Similarly, people given radiation or chemotherapy may experience what is often called a chemo-fog — a term used to describe chemotherapy-related cognitive impairment or cognitive dysfunction — and may take some time to recover complete control of their senses.

So it is possible that there may be moments or long periods of times during his treatment when the chief minister may not be available or capable of taking a decision.

What happens if there is a natural calamity like a tsunami or earthquake? Or a political calamity in which the GF and the MGP withdraw support to be BJP government? Apparently Parrikar has made provision for such a contingency as in his letter to the governor he ah specified that if and when necessary he would nominate a minister to chair the cabinet meeting to take the decision needed. The former law minister and Congress leader Ramakanth Khalap has remarked that the three member panel cannot be a substitute for the chief minister and in the absence of a deputy the state will be in suspended animation — the expression used when president’s rule in declared in a state. Under presidency rule the Legislative Assembly is dissolved and the governor runs the state on the advice of the Home Ministry.

BUDGET LIMBO

AND a few stray thoughts on the effect of the absence of the Finance Minister Manohar Parrikar on the implementation of the provisions of the budget. Though the chief minister who is also the finance minister returned to Goa from the Lilavati Hospital and ‘presented’ the budget before he left for the US, it was only a partial budget. The chief minister did not present the complete budget — the highlight of which traditionally is the tax proposals. No government or government department can function without money. The money that is needed to even maintain existing schemes and implement already approved development projects like the Super speciality block of the GMC comes from the taxes that the residents of Goa pay.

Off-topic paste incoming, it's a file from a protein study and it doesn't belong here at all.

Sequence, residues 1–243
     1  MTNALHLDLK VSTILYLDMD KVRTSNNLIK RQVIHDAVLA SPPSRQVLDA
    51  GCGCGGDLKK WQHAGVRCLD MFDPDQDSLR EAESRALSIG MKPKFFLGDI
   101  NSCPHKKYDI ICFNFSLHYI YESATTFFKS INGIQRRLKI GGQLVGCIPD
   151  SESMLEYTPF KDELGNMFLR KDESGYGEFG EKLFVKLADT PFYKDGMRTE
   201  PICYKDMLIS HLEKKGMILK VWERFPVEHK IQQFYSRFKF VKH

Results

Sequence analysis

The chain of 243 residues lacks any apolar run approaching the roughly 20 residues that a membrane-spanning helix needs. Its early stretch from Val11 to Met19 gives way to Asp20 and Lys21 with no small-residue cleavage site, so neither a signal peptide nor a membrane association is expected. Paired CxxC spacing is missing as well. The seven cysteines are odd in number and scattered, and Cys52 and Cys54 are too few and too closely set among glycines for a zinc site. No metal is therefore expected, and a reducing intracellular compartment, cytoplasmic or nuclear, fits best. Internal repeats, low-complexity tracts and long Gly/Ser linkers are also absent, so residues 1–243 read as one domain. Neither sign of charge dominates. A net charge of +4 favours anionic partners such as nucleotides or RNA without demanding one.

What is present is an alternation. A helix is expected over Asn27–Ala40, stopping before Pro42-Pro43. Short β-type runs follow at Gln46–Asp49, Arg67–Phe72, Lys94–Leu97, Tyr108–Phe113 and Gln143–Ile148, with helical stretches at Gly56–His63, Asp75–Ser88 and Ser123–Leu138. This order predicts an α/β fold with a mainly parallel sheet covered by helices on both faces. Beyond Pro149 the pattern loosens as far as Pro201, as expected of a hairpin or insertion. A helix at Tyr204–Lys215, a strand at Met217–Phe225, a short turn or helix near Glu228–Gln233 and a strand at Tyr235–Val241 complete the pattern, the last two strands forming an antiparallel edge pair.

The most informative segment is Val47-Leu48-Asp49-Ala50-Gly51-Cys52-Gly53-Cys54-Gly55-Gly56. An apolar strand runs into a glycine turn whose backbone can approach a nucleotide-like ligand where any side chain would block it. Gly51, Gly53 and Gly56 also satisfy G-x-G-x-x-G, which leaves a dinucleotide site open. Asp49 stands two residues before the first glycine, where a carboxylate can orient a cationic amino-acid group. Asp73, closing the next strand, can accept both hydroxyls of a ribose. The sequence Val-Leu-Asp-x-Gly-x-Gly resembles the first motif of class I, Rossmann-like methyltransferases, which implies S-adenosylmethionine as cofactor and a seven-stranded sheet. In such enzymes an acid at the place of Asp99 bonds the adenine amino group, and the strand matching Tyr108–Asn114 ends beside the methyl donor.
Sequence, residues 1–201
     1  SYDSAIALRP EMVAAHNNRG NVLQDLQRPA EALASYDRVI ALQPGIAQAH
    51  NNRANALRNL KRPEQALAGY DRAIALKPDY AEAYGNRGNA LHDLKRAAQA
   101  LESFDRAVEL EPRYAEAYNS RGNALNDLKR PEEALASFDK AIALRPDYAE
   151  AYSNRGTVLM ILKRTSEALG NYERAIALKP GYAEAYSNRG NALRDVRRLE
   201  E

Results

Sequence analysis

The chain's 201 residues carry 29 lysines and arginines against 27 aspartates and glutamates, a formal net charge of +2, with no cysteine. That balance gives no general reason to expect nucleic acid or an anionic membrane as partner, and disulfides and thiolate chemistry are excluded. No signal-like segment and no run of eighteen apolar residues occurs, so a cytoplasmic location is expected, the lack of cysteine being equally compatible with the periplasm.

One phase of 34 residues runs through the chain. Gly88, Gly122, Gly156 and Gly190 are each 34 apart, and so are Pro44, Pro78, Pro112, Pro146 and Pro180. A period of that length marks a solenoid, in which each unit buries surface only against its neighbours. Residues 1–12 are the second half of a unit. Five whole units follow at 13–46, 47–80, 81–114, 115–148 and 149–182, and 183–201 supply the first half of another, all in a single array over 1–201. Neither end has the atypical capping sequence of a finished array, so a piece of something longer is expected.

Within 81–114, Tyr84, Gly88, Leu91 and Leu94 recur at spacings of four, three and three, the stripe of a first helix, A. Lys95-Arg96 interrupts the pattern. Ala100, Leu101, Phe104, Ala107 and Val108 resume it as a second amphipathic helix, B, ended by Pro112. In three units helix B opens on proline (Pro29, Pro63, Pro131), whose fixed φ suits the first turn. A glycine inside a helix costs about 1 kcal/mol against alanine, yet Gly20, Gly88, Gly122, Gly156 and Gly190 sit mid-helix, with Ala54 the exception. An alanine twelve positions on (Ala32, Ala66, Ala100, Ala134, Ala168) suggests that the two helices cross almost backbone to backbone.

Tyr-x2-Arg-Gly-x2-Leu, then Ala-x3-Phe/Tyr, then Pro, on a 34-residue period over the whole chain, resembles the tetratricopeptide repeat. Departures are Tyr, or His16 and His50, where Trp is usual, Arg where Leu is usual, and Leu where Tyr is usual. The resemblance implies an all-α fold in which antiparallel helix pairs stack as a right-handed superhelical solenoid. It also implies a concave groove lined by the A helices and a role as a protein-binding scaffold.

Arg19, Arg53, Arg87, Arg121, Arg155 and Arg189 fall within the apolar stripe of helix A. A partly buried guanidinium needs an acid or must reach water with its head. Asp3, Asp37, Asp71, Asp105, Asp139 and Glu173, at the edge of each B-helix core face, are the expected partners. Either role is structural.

Parrikar has not spelt out what the new tax proposals are. In every budget there are details of both existing means of mobilising revenue and new taxes sought to be imposed. It may be recalled that in one of his first budgets presented during an earlier tenure as chief minister, Parrikar had taken the very popular decision of completely doing away with the value added tax on petrol and diesel. Those were the good old days when petrol and diesel were the cheapest in Goa, almost as cheap as the daru which attracts all the tourists.

Unfortunately for Goa, in the absence of Manohar Parrikar in Delhi as defence minister, his successor Laxmikant Parsekar restored the complete VAT on petroleum products. Petrol and diesel are two items which do not come under GST. While restoring VAT on petrol and diesel, Parsekar had promised that he will ensure that the cost of petrol will not exceed `60. All the harassed commuters of Goa who have to have their own transport as they cannot rely on public transport were hoping for some relief in the budget. The worst part of the fuel prices is that they change on a day to day basis in line with the international prices of crude oil. But they never go down and have exceeded `70 per litre at times.

Also budgets are looked forward to, as new schemes are introduced. In previous budgets Parrikar had introduced a number of new schemes like the Ladli Laxmi, Griha Aadhar and even the famous pre-employment training scheme under which unemployed youth got `5,000 a month. In the 10 minutes that Parrikar spent in the Legislative Assembly he mentioned a scheme to pay `3,000 to the unemployed for acquiring skills, but its implementation may take another three months since he will not let anybody else take any decisions.

NO MORE SCHOOLS?

AND a last stray thought for yet another Saturday. For some strange reason the Education Department is unwilling to approve even new regional medium primary schools. There are more than a hundred applications pending with the Education Department for Marathi medium and English medium primary schools. There are also applications pending for Urdu medium primary schools and even for a Sindhi primary medium school. But the director for education apparently feels that the applications for Konkani and Marathi schools are a mask for starting English medium primary schools. It has of course become very difficult to start new English medium primary schools even by private managers as the government is afraid that they may demand grants like the ones given to the Church-run schools. And at least in theory the chances of admission to an aided school depends on how close to the school we live.